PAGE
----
Monday, January 2, 2012

Year-End Inventory II: The Music

"Personally, I like the Bern Elliot and The Fenmen reissue!"

This is always the time of year your fave-rave cultural journalists love to compile Top Ten Lists of the stuff they got sent for free that they feel was important. I never enjoyed doing those lists - how egotistical can you get, making such grand pronouncements? Fact is, taste is individual, the brain is an imperfect memory bank, and something's gonna get left out that'll offend someone or other. Then again, most of my actions offend someone or other, it seems. So, what the eff...?

So, despite having retired from the rock critic fray in 1998 and only occasionally writing about music for pay in the years since, I know there's scores of people out there who still look at me as being a (*gulp*) "rock journalist." Not that they likely care what my opinions are on anything....

Still, for some odd reason, I can't resist doing a recap for the past year in culture. Guess I crave punishment, for some weird crime I'm unaware of....

Record Of The Year 2011: This had to have been the oddest musical year in my memory. I don't know about your memory. But I think we have official evidence of the destruction of the music business by the Oughts' technological revolution now being complete. I no longer have any accurate compass on new music, new bands, etc., etc. Now that music has been fully democratized and placed in the hands of The People by technology, it's harder to find the cream on the surface for the flood of people starting bands and releasing every note they play on MP3, etc. And my tastes are no longer in synch with Da Yoof, so I don't really know or get what people with a lot of facial hair like.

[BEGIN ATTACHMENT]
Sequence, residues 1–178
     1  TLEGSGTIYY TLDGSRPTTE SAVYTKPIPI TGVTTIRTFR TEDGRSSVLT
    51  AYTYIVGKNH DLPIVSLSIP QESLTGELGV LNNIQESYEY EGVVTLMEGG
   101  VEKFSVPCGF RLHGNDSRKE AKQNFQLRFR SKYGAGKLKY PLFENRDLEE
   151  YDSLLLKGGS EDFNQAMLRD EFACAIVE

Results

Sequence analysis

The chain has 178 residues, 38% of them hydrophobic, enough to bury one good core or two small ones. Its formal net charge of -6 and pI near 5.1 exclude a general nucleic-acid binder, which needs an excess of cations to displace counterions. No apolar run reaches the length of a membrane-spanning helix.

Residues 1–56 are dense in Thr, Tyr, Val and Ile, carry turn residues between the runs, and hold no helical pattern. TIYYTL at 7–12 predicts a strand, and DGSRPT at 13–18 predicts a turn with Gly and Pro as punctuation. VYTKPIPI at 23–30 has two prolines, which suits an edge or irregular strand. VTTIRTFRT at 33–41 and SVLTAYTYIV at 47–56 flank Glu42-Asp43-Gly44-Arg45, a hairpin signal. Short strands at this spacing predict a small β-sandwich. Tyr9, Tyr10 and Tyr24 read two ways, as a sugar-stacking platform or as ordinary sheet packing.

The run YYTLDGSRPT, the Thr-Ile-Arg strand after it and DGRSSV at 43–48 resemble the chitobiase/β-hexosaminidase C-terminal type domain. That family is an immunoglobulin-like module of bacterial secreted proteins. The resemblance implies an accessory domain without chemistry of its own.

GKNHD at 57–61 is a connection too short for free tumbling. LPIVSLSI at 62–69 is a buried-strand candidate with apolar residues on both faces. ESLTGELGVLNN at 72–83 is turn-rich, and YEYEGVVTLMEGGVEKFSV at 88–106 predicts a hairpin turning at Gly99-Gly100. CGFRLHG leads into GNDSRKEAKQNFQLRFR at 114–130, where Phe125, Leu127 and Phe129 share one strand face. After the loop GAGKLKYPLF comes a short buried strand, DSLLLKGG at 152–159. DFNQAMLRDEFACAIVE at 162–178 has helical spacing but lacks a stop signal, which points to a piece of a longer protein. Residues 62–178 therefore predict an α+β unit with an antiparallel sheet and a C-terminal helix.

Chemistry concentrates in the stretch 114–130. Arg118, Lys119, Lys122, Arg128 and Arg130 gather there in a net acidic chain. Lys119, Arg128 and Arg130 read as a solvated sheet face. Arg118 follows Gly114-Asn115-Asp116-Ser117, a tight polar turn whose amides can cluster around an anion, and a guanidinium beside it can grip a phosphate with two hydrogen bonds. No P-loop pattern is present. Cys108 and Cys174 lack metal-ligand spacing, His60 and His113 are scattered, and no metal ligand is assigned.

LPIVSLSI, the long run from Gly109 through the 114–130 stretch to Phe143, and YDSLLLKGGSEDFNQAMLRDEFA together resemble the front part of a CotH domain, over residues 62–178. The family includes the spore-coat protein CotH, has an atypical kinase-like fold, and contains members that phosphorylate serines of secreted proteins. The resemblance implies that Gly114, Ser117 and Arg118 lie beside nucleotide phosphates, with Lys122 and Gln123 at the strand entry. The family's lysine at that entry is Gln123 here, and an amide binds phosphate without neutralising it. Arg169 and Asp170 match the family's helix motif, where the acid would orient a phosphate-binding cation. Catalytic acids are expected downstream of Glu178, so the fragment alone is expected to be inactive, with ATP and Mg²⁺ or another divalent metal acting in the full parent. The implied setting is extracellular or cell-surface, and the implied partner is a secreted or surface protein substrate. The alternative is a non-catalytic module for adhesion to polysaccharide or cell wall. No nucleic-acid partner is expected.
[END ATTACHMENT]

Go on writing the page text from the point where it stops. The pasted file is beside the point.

Yeah, I guess I'm officially old.

I do know that what filtered through to me last year were a number of strong releases from veteran bands, some of which I wrote about in this blog (Gang Of Four, Michael Monroe), some of which I didn't (Motorhead, UK Subs). But two records (yes, I still call 'em that, whether the source is digital or not) stand out in my mind from this past year: The New York Dolls' Dancing In High Heels Backwards (which I wrote about here) and one I didn't write about and should have, The First Four EPs by OFF!

That Dolls record, like everything the reformed New York Dolls have done, has been rather controversial. Some people are just never going to get over the absence of Johnny Thunders, Jerry Nolan, and Arthur Kane. And many expressed to me that Dancing.... sounded less like the Dolls to them than the previous pair of studio albums by the reunion lineup. That actually might be one of the strengths of Dancing....: It broke from the sound of the last two albums, and even broke from Dolls tradition with its strange, almost avant garde production. Less reliant on raunchy guitars and more on atmosphere and songs, this also may have hewed closer to the Dolls' classic spirit than anything they'd done since their heyday. Why? Because it's almost surely the Dolls' tribute to their girl group roots, right down to the faithful cover of Patti LaBelle and The Bluebells' "I Sold My Heart To The Junkman." It's a solid album through-and-through, and one of the two new discs I reached for the most this past year.

OFF!'s Steven McDonald (l) and Keith Morris (r) sandwiching yours' truly, Denver, CO., Oct., 2011 (pic: Adams Pinkston)

The other release, by OFF!, is both a throwback and a shockingly vital, brand new blast. Fronted by punk rock force-of-nature Keith Morris (do I have to tell you he was in Circle Jerks and Black Flag?!) and featuring members of Redd Kross (Steven McDonald), Burning Brides (Dimitri Coats), and Rocket From The Crypt (Mario Rubalcaba), this is hardcore punk as it was originally intended: A solid blast of intensity. This isn't about speed or politics (except in the most personal, real-life terms possible). This is about raw power, anger, and sheer release. Keith's performance, on this record and live, is especially potent. He's unleashing something, and you can't help but pay attention to this unfiltered torrent of emotion and spleen. This band could be a one-band revolution all in themselves. Bless 'em.

Coming soon: My picks in books, movies, etc. Enjoy!

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